Gavril Romanovich Derzhavin (1743-1816) rose
from penniless obscurity to the highest offices of state, but is
remembered today as Russia’s greatest poet before Pushkin.
Derzhavin was an original. By force of inspiration, he completed
the hopes of his eighteenth century predecessors like Katemír,
Trediakovsky and Lomonosov, and lived long enough to hear Pushkin
recite his first poems, recognizing a talent that would usher in a new
sensibility. Derzhavin is famous for his odes, into which he packed a
great deal of elegy, humour and satire. To our ears, the poems are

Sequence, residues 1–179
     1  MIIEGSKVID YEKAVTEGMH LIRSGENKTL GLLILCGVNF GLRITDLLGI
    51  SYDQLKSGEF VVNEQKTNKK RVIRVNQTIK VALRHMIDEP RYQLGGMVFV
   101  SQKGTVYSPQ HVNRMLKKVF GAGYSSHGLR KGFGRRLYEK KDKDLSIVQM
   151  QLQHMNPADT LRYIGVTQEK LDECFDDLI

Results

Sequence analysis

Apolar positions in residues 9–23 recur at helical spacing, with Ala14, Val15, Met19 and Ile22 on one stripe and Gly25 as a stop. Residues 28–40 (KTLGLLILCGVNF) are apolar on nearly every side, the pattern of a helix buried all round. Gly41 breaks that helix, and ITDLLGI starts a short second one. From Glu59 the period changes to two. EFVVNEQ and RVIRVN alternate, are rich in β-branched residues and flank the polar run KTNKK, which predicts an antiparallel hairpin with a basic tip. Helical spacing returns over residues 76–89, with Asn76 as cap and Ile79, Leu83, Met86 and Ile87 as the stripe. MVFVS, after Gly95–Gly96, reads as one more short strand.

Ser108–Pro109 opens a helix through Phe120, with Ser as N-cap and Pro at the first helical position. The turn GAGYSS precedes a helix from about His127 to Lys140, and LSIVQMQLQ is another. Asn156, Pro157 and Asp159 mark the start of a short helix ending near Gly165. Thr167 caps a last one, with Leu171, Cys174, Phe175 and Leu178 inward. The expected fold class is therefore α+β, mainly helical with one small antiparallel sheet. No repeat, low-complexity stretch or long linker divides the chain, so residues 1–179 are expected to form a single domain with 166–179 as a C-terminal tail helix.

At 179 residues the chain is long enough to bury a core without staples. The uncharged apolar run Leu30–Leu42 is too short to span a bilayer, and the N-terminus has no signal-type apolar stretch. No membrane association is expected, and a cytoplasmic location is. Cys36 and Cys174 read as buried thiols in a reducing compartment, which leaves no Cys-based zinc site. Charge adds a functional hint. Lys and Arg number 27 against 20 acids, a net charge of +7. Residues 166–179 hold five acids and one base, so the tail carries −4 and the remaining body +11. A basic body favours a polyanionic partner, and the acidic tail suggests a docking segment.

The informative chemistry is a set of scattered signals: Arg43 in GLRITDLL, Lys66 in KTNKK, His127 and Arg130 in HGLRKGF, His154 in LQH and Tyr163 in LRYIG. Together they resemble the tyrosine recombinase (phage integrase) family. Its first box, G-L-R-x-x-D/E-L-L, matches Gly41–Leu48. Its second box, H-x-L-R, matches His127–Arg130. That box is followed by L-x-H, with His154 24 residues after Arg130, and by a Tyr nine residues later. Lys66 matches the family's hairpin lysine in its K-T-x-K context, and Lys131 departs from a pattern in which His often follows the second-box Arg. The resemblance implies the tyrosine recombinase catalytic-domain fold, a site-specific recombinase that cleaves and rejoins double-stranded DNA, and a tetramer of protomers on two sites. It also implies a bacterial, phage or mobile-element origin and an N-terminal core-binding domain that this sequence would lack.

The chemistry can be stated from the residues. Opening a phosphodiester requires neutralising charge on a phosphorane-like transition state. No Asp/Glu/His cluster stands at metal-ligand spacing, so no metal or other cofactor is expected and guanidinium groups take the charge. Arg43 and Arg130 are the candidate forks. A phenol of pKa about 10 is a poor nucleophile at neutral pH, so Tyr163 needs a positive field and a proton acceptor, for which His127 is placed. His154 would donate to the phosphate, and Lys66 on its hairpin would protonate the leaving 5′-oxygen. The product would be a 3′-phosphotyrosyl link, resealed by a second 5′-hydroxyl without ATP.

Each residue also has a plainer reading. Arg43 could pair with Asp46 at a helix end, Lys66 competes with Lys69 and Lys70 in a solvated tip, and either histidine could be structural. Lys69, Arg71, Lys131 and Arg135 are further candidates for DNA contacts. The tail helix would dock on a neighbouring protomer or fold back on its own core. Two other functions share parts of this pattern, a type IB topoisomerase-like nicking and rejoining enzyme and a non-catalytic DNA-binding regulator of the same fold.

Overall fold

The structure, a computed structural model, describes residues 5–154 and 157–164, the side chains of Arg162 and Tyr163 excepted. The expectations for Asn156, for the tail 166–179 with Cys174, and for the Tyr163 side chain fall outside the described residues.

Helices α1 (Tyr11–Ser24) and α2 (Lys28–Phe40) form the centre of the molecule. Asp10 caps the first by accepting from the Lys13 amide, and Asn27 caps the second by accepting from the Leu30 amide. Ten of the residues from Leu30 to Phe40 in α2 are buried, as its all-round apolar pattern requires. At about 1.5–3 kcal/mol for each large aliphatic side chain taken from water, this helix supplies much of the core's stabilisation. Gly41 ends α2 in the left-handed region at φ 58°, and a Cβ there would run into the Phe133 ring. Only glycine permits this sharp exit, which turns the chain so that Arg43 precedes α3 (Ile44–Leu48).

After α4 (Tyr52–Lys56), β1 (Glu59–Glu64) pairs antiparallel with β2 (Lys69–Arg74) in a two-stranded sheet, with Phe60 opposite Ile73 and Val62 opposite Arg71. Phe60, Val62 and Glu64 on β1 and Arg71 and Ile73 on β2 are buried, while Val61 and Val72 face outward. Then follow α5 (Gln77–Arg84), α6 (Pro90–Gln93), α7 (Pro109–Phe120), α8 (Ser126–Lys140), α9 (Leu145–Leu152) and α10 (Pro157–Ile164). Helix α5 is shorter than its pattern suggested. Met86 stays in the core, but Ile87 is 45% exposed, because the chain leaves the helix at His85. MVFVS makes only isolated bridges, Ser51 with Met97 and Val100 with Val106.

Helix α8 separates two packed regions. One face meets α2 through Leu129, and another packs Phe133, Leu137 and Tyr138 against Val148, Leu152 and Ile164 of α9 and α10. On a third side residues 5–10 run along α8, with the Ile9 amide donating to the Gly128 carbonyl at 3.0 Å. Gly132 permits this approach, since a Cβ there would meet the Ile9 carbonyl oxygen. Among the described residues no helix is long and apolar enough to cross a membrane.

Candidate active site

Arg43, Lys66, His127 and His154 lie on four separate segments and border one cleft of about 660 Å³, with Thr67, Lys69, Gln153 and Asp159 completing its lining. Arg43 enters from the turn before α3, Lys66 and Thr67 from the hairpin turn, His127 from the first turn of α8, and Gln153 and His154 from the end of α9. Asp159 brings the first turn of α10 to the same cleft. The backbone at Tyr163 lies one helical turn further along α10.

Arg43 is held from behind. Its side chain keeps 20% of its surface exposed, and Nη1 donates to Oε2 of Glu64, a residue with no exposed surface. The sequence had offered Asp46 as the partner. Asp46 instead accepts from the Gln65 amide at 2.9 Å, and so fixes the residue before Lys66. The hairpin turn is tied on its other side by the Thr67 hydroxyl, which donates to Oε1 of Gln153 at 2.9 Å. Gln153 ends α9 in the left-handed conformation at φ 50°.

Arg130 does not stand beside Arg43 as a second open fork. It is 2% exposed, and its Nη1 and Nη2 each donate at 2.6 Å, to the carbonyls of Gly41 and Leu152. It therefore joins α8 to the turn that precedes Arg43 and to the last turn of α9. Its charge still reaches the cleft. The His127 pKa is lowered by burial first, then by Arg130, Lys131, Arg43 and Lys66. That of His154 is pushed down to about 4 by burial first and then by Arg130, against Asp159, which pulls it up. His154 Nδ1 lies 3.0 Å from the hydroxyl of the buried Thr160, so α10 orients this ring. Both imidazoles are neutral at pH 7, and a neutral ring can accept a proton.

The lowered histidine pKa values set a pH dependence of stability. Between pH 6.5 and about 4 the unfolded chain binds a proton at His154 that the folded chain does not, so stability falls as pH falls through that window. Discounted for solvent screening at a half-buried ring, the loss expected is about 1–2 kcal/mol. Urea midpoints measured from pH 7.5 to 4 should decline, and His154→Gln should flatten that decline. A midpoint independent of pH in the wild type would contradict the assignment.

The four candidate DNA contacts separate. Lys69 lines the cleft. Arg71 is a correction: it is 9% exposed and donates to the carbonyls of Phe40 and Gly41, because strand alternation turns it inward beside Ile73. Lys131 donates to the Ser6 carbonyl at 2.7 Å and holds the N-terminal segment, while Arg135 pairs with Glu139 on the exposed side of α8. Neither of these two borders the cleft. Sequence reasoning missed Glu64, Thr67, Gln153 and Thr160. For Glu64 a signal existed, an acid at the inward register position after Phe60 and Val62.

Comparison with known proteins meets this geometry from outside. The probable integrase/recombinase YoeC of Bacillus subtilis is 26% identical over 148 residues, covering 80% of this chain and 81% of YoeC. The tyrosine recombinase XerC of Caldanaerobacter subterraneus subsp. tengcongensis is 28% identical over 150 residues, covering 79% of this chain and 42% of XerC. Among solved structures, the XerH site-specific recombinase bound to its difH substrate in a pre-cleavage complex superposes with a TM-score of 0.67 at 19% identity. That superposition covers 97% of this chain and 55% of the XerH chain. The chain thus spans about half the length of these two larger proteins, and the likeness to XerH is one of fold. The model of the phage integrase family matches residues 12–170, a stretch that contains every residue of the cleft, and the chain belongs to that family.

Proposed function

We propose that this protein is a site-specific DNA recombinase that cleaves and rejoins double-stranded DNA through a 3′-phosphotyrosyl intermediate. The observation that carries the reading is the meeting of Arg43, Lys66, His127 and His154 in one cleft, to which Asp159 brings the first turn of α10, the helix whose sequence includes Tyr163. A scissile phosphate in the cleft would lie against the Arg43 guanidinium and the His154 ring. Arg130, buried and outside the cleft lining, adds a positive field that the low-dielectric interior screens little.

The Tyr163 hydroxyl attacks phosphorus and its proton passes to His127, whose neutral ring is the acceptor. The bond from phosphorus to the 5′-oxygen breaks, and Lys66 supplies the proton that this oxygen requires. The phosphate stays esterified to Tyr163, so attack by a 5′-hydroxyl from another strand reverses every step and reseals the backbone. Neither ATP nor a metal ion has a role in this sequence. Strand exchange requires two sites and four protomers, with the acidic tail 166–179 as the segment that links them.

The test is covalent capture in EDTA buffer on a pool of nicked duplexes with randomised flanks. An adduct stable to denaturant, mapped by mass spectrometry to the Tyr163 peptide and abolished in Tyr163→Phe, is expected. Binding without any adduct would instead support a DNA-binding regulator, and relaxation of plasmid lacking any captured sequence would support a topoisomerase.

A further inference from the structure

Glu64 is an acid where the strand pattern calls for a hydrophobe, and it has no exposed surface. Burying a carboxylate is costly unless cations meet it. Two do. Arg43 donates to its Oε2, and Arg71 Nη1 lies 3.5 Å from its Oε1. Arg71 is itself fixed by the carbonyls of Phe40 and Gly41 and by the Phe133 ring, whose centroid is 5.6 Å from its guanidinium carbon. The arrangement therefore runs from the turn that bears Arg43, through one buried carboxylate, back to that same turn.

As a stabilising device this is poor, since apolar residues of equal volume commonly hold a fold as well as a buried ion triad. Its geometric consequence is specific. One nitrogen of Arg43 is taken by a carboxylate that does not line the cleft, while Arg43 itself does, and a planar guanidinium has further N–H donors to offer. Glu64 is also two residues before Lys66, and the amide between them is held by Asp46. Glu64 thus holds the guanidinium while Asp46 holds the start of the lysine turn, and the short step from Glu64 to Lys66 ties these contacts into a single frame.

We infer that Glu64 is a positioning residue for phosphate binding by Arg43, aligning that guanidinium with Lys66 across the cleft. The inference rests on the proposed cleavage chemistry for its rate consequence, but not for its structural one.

rather high-minded and over-long, but they are also exceptionally
accomplished and powerful.
The translations in this book include the more important odes, namely
On the Death of Prince Meshchersky (1779), Felitsa (1782), God (1785),
the opening excerpt from the Waterfall (1794), written on the death of
Prince Potemkin, and the Bullfinch (1800), which served as a short
elegy on the death of his friend, Marshall Suvorov. Also included
are the attractively informal Invitation to Dinner, and Life at
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